Our biggest challenge was how to convert this age old formula from brewing a tea into a 21st century method of simply taking a pill and obtain the same results.
As many of you may know, pharmaceutical contractors do this every single day and it is really quite a simple math formula to determine the conversion rate from liquid to solid. It goes something like this:
One ounce of raw Essiac powder diluted into 32 ounces of water equals 28.349 grams of solid powder divided by 32 ounces of liquid water. This equals .886 milligrams of solid powder. This simply means if you took .886 milligrams of the Essiac powder, by itself, and injested it (hard to do without water) however if you managed to ge it down, it would be equal to one ounce of tea.
Now the challenge really begins because the milligram capacity of a soft gel (the amount of stuff you can fit inside the soft gel) is .583 mg. So, how do we fit .886 mg of Essiac powder inside a soft gel that only holds .583 mg?
The answer is extracts. Through testing and research we determined that we could use the powder form of 5 of the herbs needed for the 8 herb formula. We then take the remaining 3 herbs and convert them to an extract form, such as a 4-1 ratio to the powder. As you all know, an extract is simply a condensed form of a product, like frozen orange juice. When you add the water back to the frozen orange juice, it becomes whole again.
Mechanically the production works like this:
- Our herbs are ordered from our various suppliers of organic herb growers. The growers send us a sample from their on hand inventory for testing.
- Since we manufacture our product to FDA standards of cGMP regulations (compliant to good manufacturing practices) we are required to test every herb for microbiological limits, such as E. Coli, Salmonella and also for heavy metal limits such as lead, mercury, cadmium, etc.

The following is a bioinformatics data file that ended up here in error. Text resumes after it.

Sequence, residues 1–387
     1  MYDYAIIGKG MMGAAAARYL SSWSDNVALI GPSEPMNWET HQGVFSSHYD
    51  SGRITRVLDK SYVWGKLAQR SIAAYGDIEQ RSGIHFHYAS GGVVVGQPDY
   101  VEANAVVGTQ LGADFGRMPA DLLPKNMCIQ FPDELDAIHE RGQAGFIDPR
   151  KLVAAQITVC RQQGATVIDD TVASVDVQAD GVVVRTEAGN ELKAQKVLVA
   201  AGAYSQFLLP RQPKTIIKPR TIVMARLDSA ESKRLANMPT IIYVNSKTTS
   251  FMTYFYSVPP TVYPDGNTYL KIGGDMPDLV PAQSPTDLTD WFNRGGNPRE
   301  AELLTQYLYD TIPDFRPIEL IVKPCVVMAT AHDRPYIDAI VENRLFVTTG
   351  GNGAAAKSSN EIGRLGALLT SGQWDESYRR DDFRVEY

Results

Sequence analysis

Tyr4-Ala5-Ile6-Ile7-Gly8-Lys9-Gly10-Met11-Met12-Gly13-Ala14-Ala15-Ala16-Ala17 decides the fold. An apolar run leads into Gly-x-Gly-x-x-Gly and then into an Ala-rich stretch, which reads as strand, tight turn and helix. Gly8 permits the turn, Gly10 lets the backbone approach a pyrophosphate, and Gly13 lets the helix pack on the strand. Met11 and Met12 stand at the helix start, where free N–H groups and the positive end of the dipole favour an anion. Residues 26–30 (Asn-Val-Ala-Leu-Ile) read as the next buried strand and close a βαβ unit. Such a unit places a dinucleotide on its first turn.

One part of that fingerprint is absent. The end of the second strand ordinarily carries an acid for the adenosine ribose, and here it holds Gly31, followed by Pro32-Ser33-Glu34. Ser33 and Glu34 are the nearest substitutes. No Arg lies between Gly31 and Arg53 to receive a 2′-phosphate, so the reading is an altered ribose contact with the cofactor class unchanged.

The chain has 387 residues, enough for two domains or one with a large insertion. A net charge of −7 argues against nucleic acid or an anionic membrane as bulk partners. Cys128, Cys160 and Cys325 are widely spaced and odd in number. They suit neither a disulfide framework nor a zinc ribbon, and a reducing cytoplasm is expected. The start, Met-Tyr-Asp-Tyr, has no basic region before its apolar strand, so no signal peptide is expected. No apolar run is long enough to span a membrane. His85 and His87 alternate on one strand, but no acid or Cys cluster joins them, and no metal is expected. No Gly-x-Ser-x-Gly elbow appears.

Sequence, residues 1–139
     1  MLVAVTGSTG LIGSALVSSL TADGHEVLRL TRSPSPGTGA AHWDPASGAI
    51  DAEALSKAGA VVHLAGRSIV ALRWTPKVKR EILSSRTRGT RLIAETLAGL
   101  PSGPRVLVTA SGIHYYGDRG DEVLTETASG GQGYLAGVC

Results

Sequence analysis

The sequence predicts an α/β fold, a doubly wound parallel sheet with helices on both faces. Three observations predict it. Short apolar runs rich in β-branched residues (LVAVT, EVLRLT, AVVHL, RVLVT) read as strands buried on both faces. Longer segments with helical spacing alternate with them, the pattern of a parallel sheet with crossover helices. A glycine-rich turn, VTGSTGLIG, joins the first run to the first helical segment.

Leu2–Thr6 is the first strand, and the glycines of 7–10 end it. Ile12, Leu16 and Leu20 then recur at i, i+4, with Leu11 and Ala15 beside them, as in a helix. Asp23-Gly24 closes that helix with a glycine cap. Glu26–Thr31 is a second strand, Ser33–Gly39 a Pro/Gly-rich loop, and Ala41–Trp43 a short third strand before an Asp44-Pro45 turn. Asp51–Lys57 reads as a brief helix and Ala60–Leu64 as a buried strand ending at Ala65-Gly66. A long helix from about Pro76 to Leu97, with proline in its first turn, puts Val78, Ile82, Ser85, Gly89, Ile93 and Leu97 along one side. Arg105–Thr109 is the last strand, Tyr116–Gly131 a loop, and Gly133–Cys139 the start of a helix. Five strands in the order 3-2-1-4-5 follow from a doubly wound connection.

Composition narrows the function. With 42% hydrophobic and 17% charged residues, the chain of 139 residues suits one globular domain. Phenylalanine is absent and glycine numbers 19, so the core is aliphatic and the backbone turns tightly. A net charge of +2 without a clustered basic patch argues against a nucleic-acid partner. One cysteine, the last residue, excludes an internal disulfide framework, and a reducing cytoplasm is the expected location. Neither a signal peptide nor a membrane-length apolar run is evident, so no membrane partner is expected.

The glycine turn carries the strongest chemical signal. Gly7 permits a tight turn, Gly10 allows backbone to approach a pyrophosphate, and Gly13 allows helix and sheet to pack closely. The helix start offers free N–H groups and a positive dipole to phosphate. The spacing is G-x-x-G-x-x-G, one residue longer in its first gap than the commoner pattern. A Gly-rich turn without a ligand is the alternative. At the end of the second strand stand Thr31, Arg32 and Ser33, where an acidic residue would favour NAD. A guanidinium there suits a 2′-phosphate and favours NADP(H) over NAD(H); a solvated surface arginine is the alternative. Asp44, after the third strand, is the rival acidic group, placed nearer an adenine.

- After receipt of the herb inventory needed for production, we are required by cGMP regulations to test the actual inventory a second time and record that. There is always the possibility that the original test samples could be different than the actual inventory shipped.
- Upon approval of the herbs they are then compounded. The compounding process is a series of mixing the 5 herbs and the 3 extracts to the exact formula and adding inactive ingredients such as deionized water, sunflower lecithin which becomes a loose paste and it is forced through various filters, each filtering system finer than the next. This process eventually creates a fine grit that can be mechanically forced through insertion tubes. The grit of this herb paste needs to be a fine as possible as to not pierce the skin of the soft gel, causing it to leak.
- The production process is fully automated and the soft gel machine begins to form the soft gels into a mold, which is heated. The actual soft gel is simply made of inactive ingredients such as Rice Bran Oil, Gelatin, Glycerin, Beeswax, which disloves in the stomach in about 12 to 20 minutes. As the machine fills the mold to create the soft gel, the insertion tube measures out the amount of paste needed to fill the soft gel and inserts it into a cavity of the soft gel.
- After the production, the soft gels are left on drying racks on top of absorbtion paper for up to a week. The paper absorbs any “leakers” and these are removed during the sorting process. While the soft gels are being dried, we are required once more to test the soft gels to be certain that during the manufacturing process, there was no contamination to the product.
- This soft gel, now becomes a 398 mg product once the filling and herbs are added and it is bottled ready for human consumption.
So, taking 2 soft gels in the morning and 2 soft gels in the evening would equal taking 2 ounces of Essiac tea in the AM and 2 ounces in the PM. The soft gel method is not only the easy way to go, without any storage, mixing, brewing, and being totally portable but it is the most accurate way to take your Essiac. Each dose is 100% exact, as opposed to adding too much water to your brew or drinking less or more when you are trying to measure your ounces.
Essiac is finally 21st century!